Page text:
Like many 90's kids, I spent quite a few late nights terrifying myself with tales from R.L. Stine's Goosebumps books. Full disclosure: it took me an embarassingly long time to regain the courage to go down to the lower level of my parents' house after reading the series' second installment, Stay Out of the Basement. Flash forward a decade to my post-college job hunt, when my 21-year old self—still an avid reader, though my taste in books had evolved beyond the YA section—began looking for a publishing gig in Manhattan. I accepted an internship at Parachute Press, a "small boutique publishing company," and showed up on my first day of work unsure of what to expect. All expectations were exceeded when I was greeted with endless shelves of Goosebumps books and merchandise and an introduction to one of the company's founders, Jane Stine, who gave me a run down of the operations. "My husband Bob is very active with the new generation of readers," she explained.
"Bob," as it turned out, was short for Robert Lawrence Stine, a.k.a R.L. Stine, the Stephen King of children's literature himself. Yup, I was standing in the office responsible for keeping those characters that I grew up with alive today. Parachute handled the production and licensing for many series geared towards children and adults, including Goosebumps, Fear Street, and Mostly Ghostly. My job was to work with the editorial and marketing departments to process paperwork related to reprints and do research for new projects. I spent the summer doing just that, but also soaking up stories about how the original tales were developed and observing how the Stines masterfully created a world where it's exciting to be scared and even more thrilling to get lost in a good read. Yes, working with this small, hands-on team provided me with a crash course in how books are printed, but what I really took away from the experience was how Stine turned his passion for storytelling into a thriving career. Years later, I saw that passion at play once again when Stine (who clearly has a few things keeping his schedule busy) kindly agreed to visit the middle school that my now-husband was working for at the time.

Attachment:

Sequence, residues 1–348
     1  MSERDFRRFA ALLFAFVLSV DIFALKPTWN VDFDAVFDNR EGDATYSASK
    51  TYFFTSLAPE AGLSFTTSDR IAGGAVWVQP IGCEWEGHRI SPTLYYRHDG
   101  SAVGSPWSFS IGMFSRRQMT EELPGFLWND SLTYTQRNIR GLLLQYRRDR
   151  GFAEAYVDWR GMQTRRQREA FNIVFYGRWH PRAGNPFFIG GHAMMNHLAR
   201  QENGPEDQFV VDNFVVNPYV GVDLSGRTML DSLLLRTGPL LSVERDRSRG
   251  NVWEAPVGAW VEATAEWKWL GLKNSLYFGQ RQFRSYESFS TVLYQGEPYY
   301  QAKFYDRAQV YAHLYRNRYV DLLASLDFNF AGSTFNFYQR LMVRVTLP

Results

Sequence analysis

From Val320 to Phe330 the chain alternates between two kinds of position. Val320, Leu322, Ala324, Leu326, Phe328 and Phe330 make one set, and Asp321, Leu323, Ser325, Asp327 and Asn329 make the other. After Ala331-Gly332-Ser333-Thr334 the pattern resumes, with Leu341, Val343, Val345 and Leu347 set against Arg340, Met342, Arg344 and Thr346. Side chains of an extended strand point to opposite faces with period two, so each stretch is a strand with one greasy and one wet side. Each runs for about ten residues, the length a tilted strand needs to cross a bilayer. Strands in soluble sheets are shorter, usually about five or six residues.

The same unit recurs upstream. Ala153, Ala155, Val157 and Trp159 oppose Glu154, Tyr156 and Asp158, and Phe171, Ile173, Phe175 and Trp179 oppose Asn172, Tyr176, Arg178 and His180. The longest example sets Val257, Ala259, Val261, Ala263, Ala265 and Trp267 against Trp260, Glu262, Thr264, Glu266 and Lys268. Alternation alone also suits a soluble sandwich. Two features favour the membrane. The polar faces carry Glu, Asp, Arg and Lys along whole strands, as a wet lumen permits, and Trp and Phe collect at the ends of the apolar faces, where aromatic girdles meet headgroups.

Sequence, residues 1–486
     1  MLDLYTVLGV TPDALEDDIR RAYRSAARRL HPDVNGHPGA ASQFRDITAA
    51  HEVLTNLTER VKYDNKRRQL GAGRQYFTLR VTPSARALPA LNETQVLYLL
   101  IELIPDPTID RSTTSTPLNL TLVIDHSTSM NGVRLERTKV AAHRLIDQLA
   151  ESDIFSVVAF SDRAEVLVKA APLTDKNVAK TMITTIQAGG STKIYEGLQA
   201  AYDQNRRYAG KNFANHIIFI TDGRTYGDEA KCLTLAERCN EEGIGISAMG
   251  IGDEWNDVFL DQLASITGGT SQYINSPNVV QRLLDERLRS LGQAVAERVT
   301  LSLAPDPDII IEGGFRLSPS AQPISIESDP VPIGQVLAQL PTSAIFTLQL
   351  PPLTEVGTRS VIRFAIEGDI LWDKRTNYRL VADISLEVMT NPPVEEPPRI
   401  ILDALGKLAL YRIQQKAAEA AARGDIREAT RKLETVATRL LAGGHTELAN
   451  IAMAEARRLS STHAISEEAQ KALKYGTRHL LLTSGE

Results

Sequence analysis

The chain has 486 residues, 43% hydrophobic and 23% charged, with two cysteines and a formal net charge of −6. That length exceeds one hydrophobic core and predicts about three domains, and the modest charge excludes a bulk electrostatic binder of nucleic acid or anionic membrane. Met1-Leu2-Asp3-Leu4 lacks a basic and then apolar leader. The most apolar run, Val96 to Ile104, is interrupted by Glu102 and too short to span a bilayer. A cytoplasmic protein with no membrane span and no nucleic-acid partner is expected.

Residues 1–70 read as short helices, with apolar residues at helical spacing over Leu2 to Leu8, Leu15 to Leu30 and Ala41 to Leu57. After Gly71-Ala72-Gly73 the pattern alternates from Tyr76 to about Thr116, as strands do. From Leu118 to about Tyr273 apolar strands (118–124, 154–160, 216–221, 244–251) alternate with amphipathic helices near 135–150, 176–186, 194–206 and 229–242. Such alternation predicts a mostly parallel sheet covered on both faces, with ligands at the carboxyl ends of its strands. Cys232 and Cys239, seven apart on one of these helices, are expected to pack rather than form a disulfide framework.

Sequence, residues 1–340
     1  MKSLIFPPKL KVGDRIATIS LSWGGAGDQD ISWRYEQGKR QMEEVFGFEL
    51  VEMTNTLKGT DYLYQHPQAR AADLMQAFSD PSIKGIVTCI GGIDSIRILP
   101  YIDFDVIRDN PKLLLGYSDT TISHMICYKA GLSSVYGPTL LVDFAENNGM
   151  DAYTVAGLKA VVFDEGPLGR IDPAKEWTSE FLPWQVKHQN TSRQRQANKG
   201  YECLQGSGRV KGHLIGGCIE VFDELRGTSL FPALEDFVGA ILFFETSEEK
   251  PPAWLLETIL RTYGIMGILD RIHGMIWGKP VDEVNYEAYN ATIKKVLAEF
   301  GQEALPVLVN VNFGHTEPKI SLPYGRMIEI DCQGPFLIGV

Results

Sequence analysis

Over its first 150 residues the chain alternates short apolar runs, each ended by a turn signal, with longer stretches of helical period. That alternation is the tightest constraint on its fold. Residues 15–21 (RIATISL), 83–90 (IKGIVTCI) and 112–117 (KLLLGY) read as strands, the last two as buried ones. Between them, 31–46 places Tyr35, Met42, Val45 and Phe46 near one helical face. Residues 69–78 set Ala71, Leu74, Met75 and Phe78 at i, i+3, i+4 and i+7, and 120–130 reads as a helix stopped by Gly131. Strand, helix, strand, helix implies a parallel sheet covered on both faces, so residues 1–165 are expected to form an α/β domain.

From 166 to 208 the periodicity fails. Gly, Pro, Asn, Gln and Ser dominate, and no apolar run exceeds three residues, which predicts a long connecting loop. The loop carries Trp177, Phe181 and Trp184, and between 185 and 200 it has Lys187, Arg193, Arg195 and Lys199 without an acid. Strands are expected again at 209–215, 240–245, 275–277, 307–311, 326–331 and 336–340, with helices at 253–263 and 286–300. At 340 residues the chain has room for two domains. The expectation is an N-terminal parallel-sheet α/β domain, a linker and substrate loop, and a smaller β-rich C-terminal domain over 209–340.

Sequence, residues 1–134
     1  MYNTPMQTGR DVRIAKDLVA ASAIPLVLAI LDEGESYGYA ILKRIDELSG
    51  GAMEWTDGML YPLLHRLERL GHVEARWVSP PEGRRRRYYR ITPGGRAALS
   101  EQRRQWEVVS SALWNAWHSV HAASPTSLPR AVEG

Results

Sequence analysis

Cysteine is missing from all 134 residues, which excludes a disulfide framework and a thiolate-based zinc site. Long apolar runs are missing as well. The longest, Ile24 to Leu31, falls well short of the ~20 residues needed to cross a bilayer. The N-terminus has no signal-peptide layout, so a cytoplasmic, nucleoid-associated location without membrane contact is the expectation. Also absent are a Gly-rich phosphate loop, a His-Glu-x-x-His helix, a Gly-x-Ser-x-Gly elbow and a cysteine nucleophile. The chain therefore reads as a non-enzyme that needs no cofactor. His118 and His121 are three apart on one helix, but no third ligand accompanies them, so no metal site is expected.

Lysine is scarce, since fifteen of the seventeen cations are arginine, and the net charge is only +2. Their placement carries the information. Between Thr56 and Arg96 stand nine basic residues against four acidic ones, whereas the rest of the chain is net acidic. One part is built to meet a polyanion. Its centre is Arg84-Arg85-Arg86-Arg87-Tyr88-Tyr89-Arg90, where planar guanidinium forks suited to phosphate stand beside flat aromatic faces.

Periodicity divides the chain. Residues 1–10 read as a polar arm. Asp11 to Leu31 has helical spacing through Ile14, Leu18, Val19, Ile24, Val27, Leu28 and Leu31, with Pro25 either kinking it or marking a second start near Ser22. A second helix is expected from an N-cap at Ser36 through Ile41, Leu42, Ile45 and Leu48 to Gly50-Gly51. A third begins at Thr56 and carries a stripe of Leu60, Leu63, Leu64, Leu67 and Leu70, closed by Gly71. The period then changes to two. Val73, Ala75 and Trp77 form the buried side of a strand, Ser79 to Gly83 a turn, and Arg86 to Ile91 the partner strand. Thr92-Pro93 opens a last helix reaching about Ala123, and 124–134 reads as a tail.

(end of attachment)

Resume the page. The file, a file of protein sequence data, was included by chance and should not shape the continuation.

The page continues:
When I heard that the film adaptation of the beloved series (in theaters now, starring Jack Black, nonetheless) topped the box office during opening weekend, it gave me a serious case of nostalgia, not just for reading the series that my generation grew up with, but for the summer I spent reliving the magic of those books.